The only other people I definitely remember donning the suits were Thomas Lauderdale, Arik Grier and Victor Ortiz de Montellano. Our best friend at the time, Jane Yeh, refused to wear a white suit as she was dedicated to a personal fashion philosophy that involved only wearing bright colors.

I chose to spray paint the number one on my suit, thinking it would clearly delegate me as the leader. But I let the other participants choose whichever number they wanted. Three choices I recall were 0, 13, and the infiinity symbol.

Some of the white suit wearers gave up after a day or two. I can't remember who, but I consider those people to be small-minded conformist cowards. But most people managed to wear the suit the entire week.

People who didn't know each other previously felt an intense bond with their fellow white-suit wearers. At least one Harvard sociology class discussed the project while it was happening. In Adams House, a lot of people felt jealous and excluded from the white suit brigade. Most of the rest of the campus just thought we were weird nerds.

So there you go--thank you, Elijah, and if anyone has any further recollections regarding suit-wearers, numbers, etc. please leave details in the comments.

NB on an only obliquely related note, I have this perverse fondness for the production design of dystopian movies, though I believe we are generally supposed to find such visions off-putting--really it seems to me that a navy blue jumpsuit and combat boots is basically the ideal outfit--I would like it if life involved this kind of a uniform--in fact I am also herewith making a resolution that I will try and find a really good jumpsuit that is utilitarian-looking enough to suit my esthetic but fashionable enough to be worn in a wide range of settings without making me look like I should be sweeping up leaves on the sidewalk--the only risk would be that if I found a really good one I would become psychologically incapable of wearing anything else!

An ice-cream war

William Boyd at the Sunday Times on Edward Paice's history of the Great War in Africa:

In the winter and spring of 1980-81 I was living in Oxford, busy writing and researching my second novel, An Ice-Cream War, which had as its setting the first world war in East Africa, or, more precisely, the long inter-colonial conflict between British East Africa (today’s Kenya) and German East Africa (Tanzania). How I would have welcomed Edward Paice’s superb history of that strange and calamitous war. Sidelined by the greater carnage and momentous events of the European theatre, the war in Africa had produced few definitive books. There were a couple of popular histories, the odd novel, long out of print, but I remember searching the catalogues of the Bodleian library and Rhodes House for anything that would throw real light on the campaign. Even the multi-volumed official history of the great war Great Warwas deficient. Of the two volumes meant to be devoted to the African campaign only one had been published, its author dying before volume two could be completed.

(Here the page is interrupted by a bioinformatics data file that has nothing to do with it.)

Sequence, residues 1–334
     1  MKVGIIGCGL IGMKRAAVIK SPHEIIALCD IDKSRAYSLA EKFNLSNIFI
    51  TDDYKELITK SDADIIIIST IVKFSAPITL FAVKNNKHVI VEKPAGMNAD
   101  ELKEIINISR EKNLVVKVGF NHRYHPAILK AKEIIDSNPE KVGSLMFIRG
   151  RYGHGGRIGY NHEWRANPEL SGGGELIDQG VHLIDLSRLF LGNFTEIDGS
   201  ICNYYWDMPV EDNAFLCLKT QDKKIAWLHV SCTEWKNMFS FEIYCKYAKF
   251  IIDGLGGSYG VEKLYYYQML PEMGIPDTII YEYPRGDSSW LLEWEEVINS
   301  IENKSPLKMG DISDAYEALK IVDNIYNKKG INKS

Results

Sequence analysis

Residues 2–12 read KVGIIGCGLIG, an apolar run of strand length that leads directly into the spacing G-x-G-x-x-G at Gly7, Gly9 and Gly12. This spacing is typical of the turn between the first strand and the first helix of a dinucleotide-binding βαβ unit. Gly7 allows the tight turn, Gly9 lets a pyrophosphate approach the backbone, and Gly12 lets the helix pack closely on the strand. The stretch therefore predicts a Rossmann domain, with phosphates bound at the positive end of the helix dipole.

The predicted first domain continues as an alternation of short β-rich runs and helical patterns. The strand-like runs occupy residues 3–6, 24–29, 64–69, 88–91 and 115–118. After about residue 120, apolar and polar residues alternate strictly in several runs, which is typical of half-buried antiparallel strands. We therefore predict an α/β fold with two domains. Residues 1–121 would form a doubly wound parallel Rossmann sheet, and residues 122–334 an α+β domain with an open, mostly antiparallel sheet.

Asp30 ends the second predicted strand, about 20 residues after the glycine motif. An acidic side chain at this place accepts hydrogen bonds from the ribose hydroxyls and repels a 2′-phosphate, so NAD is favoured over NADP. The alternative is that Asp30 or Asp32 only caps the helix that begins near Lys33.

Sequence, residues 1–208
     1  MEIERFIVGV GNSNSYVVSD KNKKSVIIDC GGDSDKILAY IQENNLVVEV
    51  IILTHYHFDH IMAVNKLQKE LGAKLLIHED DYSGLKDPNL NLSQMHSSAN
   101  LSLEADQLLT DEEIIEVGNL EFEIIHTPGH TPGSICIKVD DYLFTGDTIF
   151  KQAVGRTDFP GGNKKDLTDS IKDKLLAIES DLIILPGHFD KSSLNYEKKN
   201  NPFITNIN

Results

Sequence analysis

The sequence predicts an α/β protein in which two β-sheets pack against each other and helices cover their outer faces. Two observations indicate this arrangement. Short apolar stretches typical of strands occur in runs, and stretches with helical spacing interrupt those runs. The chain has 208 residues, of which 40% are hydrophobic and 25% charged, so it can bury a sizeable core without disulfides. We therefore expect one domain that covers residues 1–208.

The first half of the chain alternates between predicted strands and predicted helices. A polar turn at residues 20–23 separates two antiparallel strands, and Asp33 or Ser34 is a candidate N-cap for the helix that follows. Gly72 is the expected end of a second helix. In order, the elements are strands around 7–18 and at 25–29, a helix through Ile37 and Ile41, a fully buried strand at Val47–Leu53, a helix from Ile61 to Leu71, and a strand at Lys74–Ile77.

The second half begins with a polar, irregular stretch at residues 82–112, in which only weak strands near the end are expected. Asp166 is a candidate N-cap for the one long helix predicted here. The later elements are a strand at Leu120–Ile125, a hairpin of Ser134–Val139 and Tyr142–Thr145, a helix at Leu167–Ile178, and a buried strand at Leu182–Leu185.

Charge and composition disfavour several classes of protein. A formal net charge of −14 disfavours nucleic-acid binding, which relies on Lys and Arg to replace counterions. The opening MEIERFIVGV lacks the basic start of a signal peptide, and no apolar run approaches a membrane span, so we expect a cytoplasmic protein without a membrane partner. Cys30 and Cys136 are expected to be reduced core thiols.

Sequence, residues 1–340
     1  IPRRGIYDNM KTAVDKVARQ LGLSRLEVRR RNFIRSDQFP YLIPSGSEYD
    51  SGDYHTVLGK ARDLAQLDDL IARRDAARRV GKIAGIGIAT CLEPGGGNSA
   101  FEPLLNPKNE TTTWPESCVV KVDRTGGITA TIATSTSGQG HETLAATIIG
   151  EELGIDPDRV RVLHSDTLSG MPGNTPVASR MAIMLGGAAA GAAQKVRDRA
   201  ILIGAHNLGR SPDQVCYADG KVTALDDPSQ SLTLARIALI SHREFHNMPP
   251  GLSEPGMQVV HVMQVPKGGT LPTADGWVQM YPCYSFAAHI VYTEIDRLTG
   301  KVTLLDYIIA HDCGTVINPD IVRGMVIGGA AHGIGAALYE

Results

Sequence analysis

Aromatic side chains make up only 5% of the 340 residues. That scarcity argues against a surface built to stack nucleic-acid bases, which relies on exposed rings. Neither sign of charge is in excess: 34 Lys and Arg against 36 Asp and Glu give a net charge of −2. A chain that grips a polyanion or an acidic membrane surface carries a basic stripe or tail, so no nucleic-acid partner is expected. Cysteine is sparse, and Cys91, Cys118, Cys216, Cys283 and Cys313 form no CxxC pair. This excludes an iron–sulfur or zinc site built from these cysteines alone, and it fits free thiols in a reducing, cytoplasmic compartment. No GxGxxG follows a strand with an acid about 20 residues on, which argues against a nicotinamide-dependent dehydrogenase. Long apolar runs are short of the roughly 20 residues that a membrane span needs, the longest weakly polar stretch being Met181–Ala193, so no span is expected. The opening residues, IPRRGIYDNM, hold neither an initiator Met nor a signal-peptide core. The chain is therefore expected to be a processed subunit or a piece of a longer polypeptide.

Saturday, January 20, 2007

Really I have no bohemian tendencies

and I like a nice quiet life in an apartment building where the super will come and fix anything that goes wrong with the plumbing on a moment's notice--I am against drugs and free love!--but Allen Salkin has an awfully appealing profile of R. Crumb and his wife Ms. Crumb in the Times and it is hard not to fantasize momentarily about Crumb-style life in a medieval castle in the south of France...

Friday, January 19, 2007

The alive form of physical intelligence

At the FT, Toby Moore attractively reviews two appealing-sounding books on physical culture, Marcus Trower's The Last Wrestlers and Wayne McLennan's Tent Boxing. Go and take a look, here's how it starts out and there's some bizarre stuff about wrestling and semen later on too:

My grandmother developed a passion for wrestling late in life, an odd counterpoint to a world where even the library books came by post from Harrods. Every Saturday she settled delicately in front of the television with her small, spoilt lap dog, to watch portly men with names such as Giant Haystacks preen in leotards and grapple in violent intimacy. She winced and oohed as bodies slammed on to the floor. But mainly she laughed, because the fights were a rare combination of absurdity and ferocity, even to a fan in her eighties.